Brief Views on the Great Rising of 1381: the "Peasant Revolution" in England

The Great Rising of 1381 is an event that sometimes comes to my mind when I think of the '99' movement of our day. In so many ways they are similar and even though my post will be fairly simplistic, I suspect that a careful reader will easily see the parallels with today's protest movements. (I was listening to a lecture that discusses happiness and how it is measured today... and it is generally agreed upon that countries that have the smallest amount of economic disparity are the happiest... certainly the US has a very wide disparity right now which is a big part of this protest movement. So sit back and enjoy a few minutes of reading about the people who became part of the Peasant Revolt in England. You won't regret it. :)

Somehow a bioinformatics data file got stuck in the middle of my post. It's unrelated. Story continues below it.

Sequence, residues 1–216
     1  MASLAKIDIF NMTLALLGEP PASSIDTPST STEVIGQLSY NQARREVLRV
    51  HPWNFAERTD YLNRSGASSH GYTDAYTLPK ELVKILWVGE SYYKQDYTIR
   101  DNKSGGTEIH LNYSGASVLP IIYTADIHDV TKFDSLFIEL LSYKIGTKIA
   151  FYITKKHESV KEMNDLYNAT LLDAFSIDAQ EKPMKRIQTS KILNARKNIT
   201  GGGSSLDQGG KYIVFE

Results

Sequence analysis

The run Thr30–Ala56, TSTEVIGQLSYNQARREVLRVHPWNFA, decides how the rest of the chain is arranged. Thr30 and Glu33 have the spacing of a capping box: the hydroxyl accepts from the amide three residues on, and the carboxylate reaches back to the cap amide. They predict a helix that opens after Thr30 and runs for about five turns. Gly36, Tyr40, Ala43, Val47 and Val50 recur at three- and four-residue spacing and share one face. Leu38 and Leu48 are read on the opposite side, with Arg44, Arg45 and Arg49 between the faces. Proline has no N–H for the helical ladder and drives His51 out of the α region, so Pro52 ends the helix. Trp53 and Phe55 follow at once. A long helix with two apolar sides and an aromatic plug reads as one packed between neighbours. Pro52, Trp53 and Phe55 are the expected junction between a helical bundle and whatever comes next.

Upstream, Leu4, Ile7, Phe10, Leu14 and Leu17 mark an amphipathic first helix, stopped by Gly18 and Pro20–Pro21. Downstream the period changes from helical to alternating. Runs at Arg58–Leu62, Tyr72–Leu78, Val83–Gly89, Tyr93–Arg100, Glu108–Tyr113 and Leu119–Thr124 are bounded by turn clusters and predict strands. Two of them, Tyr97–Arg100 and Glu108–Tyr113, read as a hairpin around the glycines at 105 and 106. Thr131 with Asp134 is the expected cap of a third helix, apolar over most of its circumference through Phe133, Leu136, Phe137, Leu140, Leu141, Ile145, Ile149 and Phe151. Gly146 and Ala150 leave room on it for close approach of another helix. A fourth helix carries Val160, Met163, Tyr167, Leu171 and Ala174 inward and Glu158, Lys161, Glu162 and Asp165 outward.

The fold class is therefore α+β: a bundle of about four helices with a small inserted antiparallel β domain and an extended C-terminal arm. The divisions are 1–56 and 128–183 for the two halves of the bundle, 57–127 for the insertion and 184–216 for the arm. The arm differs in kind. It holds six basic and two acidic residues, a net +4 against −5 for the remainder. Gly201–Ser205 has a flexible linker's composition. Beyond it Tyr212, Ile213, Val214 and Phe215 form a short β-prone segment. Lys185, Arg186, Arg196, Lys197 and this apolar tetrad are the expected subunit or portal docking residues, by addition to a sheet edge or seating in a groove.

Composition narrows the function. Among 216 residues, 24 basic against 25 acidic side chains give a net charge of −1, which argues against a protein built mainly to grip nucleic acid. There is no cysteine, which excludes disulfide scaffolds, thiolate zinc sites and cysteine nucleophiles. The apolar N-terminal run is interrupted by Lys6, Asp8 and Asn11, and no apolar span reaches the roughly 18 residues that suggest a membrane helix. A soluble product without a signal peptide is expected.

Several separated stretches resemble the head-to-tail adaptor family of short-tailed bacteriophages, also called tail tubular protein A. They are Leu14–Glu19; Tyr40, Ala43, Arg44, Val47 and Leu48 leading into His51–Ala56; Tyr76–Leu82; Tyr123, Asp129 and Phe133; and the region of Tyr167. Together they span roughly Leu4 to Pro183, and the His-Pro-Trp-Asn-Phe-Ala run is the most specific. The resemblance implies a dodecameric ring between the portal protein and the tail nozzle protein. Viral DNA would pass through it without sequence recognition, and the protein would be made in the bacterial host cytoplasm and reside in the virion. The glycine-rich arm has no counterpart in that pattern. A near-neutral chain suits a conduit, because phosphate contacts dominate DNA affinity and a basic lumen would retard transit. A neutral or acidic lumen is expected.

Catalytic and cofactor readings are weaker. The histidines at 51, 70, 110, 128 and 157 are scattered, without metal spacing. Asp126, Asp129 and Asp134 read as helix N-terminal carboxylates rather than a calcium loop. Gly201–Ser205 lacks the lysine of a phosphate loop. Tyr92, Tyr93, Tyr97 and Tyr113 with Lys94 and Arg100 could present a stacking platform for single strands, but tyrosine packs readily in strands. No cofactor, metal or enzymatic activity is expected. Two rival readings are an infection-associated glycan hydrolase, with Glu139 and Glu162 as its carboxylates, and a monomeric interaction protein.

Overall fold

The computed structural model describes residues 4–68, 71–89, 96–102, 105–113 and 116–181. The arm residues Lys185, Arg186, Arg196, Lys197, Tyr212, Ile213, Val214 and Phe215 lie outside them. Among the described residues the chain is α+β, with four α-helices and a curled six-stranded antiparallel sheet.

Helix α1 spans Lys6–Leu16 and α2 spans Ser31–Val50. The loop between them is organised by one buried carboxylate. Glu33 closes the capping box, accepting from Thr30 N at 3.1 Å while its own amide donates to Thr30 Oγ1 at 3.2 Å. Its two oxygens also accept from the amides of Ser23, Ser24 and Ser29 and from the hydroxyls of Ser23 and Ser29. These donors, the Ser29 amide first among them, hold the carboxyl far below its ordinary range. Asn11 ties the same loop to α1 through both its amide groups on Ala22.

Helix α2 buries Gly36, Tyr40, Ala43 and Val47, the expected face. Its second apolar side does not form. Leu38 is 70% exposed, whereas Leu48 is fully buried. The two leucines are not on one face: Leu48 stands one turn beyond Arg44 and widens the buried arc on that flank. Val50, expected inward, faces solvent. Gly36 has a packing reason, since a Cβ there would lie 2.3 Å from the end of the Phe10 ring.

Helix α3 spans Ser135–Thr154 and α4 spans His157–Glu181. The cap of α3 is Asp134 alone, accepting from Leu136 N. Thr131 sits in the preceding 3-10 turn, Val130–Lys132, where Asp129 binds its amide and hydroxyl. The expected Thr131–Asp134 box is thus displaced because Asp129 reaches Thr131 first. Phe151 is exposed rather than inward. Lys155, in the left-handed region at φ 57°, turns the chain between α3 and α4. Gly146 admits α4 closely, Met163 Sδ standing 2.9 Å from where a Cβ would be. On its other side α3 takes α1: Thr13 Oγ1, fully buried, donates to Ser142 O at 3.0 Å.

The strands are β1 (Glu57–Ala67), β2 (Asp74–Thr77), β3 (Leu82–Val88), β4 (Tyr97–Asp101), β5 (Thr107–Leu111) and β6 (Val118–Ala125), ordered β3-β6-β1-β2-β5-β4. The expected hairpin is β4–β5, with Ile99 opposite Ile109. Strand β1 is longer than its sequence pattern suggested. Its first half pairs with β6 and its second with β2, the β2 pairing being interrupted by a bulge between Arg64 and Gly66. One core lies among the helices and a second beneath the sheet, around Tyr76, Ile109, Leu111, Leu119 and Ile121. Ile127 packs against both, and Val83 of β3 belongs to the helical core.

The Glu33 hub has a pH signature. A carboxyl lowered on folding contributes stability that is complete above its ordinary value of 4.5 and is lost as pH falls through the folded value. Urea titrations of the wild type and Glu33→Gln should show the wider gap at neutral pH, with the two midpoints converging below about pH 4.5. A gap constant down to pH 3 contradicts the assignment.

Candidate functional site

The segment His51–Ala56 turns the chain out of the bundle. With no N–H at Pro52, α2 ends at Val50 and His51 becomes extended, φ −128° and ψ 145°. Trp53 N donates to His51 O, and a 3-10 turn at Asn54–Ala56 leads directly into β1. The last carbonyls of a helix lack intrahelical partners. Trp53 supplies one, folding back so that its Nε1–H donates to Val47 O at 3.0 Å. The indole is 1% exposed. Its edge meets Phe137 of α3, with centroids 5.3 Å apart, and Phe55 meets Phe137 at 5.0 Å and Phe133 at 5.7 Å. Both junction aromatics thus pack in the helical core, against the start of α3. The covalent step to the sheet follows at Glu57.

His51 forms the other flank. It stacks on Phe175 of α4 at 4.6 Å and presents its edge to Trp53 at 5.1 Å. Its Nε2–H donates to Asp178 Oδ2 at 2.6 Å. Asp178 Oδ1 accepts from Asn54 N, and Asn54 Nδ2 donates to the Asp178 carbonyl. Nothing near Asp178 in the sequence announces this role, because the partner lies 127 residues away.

So our story will start with the newest tax- the third 'poll' tax. The vast majority of people already felt oppressed, poor and overtaxed already. So from stage right... enters a tax collector into the town of Fobbing. Thomas Baker was a brave man who lived in Fobbing and John Bampton was the poor soul who was given the royal authority to attempt and collect the poll tax from the villages. Everyone was afraid to get in the way of any of the official men who were supposed to collect the poll tax . These collectors were men who were given many liberties – including the ability to reach up the skirts of the local women to determine if they were virgins (and therefore didn't have to pay the tax) or if they were not virginal... whereas the woman would need to pay the tax. When John Bampton came to the village of Fobbing, he brought a token bodyguard and set up to look for 'potential' tax evaders. It was at this point that Thomas Baker came forward with a small group of men from the nearby villages. He told John Bampton that everyone who lived there had paid the tax appropriately and so he (John Bampton) needed to leave. John, in his misjudgment or arrogance, then ordered the arrest of 100 people from the crowd including Tom Baker. The crowd, emboldened by Mr Baker's bravery and angry about the government and the tax in general began to riot... forcing John Bampton and his token bodyguard to flee for their lives and health. This would later be seen as the beginning of the Peasant Revolt.